Siberia's 'Gateway to the Underworld' Could Become One of Many As Arctic Heats Up

The "gateway to the underworld" crater in Siberia is an enormous "megaslump" where ice locked inside the frozen ground has melted, causing instability and deformation. Recent reports suggest that the crater, which is already over 3,000 feet long and 300 feet deep, is growing at an accelerated rate because of record-breaking heatwave in the region. Now, scientists have said more "thermokarst" craters like this will likely open up across the Arctic tundra in the coming decades as climate change takes hold.

The Batagay crater, dubbed the gateway to the underworld by locals, first appeared in the middle of the 20th century after changes to land use, which caused erosion to the ice-rich region. It has been expanding rapidly and substantially since the 1990s. According to Science magazine, the rate has increased since 2016, and it is now expanding by between 39 and 45 feet per year.

The megaslump formed as a result of a geological process known as thermokarst. This is where ice locked inside permafrost—ground that is permanently frozen—melts. As the ice turns to water and the earth thaws, ground strength is reduced and the volume decreases.

Over the coming years and decades, this process could lead to the emergence of other thermokarst craters like Batagay, experts have said. Recent research shows the Arctic has been warming about twice the rate of the rest of the world for the last 30 years. Climate change has also been implicated in the heatwave that has hit Siberia in recent months, during which temperature records have been smashed.

Marc Macias-Fauria, Associate Professor in Physical Geography at the University of Oxford, told Newsweek that the recent heatwave will have enhanced permafrost thaw in the region. Permafrost can stretch for over 3,200 feet down beneath the surface. Every summer the "active layer" at the top will thaw, leaving the lower layers frozen. With more heating, the bigger the active layer. But he said another, more worrying process, can also be started in the permafrost through excess heat.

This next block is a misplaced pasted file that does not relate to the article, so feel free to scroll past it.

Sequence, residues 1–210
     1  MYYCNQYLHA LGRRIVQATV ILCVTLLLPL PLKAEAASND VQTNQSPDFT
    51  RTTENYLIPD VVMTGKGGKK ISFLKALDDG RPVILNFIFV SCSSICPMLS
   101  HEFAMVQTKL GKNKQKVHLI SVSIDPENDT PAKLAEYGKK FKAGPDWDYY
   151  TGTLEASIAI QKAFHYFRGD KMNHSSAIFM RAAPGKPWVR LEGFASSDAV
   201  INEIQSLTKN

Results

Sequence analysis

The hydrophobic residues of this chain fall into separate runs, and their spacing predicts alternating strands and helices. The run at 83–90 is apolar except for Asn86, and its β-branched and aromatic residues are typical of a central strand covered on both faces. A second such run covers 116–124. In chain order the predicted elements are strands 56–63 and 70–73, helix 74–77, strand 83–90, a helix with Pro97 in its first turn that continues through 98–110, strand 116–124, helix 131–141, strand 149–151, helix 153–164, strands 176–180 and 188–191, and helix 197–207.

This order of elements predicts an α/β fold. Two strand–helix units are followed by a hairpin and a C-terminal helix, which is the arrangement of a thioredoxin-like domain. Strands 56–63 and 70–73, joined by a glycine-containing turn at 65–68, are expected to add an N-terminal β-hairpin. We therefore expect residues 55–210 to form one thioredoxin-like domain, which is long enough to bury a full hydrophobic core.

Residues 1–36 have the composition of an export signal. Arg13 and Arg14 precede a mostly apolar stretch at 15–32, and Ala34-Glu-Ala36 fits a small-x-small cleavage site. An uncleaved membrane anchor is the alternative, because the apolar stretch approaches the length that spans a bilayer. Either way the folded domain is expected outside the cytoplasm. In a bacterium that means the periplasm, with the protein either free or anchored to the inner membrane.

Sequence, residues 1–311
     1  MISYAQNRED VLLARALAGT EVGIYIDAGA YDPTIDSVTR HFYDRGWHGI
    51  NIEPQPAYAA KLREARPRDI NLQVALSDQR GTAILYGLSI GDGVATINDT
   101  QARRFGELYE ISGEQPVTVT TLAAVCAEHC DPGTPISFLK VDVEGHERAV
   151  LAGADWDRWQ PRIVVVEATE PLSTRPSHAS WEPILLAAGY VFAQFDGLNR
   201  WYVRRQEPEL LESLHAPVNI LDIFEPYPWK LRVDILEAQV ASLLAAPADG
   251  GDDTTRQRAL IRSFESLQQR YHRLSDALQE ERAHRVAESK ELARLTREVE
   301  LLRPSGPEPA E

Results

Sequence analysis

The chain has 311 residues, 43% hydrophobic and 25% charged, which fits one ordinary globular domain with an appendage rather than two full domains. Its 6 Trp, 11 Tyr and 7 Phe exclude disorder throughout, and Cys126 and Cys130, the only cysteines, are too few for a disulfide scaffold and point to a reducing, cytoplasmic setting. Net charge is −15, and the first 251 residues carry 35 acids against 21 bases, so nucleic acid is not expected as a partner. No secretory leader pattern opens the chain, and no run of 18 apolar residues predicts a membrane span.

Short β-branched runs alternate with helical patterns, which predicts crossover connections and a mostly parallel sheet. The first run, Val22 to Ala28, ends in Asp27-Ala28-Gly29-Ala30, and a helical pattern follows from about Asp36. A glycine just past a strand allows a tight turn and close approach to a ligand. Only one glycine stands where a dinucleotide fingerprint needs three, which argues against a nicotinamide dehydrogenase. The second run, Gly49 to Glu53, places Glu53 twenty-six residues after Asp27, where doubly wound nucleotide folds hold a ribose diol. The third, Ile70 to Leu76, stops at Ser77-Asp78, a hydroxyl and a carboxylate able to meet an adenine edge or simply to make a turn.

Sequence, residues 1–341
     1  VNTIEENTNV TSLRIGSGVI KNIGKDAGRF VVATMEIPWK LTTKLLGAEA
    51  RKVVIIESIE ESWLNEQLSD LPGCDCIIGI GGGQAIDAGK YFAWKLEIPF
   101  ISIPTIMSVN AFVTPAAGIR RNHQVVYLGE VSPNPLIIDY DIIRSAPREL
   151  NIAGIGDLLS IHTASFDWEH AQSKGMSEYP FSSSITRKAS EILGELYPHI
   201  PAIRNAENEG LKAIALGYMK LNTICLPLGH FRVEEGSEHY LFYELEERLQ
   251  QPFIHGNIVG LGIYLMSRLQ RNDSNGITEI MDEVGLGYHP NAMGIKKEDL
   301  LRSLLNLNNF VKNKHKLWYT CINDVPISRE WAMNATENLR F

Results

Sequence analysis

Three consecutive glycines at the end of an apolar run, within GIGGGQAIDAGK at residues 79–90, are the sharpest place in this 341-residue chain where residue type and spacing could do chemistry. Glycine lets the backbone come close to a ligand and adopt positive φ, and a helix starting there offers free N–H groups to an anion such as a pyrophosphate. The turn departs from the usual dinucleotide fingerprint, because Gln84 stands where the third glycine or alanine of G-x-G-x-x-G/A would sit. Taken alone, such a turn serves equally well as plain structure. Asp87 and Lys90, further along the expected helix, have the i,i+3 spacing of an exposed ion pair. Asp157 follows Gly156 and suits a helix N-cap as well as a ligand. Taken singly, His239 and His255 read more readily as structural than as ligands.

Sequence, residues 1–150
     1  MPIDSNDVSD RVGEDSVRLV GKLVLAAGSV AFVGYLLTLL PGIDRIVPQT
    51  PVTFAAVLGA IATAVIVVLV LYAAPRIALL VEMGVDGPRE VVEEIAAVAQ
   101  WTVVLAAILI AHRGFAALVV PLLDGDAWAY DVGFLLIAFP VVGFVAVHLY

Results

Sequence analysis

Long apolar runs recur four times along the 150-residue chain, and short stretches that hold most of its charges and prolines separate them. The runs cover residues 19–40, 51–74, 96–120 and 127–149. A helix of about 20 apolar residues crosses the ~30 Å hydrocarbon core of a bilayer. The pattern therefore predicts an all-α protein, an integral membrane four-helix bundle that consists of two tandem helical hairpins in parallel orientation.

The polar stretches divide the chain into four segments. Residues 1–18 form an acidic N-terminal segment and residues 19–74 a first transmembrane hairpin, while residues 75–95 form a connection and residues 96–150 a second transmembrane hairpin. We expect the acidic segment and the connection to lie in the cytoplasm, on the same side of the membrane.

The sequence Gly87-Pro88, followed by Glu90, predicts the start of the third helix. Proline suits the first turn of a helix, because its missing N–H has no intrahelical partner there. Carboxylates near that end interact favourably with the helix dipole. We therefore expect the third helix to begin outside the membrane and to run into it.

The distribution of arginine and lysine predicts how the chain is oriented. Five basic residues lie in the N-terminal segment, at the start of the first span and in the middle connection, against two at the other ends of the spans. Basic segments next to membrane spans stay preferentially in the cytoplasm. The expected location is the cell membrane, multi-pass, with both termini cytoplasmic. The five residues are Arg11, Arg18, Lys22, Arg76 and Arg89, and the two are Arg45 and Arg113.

"In many regions of the permafrost region, more so the more north you are, permafrost is very rich in ice. Ice binds sediments together, but once it is liquid water, these break loose and erosion can start," he said in an email. "Large ice lenses and high ice concentration in general mean that the possibility of runaway processes—permafrost collapse—increases when the active layer is deeper...In these areas, one event can be catastrophic and create brand new landscapes, forming or draining lakes, eroding river courses, coastal edges, and emitting very large amounts of greenhouse gases."

Julian Murton, Professor Of Permafrost Science at the University of Sussex, said the heatwave in Siberia will have caused the Batagay megaslump to grow because of the higher air temperatures. Increased meltwater can also erode the permafrost, exacerbating thaw in the terrain. "The so-called 'crater' at Batagay is really not a crater but a huge retrogressive thaw slump [or] 'megaslump,'" he told Newsweek in an email. "It formed by a combination of thermal erosion—as meltwater streams incised the landscape—and thermokarst subsidence, as ground ice melted and the land surface subsided and retreated."

The increased growth at Batagay, he said, could mean "other thermokarst landforms may develop and grow over the coming decades, particularly if the landscape is disturbed by factors such as vegetation clearance or forest fire."

Macias-Fauria said once erosion at a permafrost site starts, any more liquid water can enhance that erosion. "I reckon Batagay will grow as far as topography/substrate will allow it to grow," he said. "I have no idea how much. Mostly, the Batagay indicated the fragile and highly unstable and rapid nature of permafrost geomorphological processes in places rich in ground ice."

The Batagaika, or Batagay crater in Siberia. It is a landform over 3,000 feet long and 300 feet deep. NASA Earth Observatory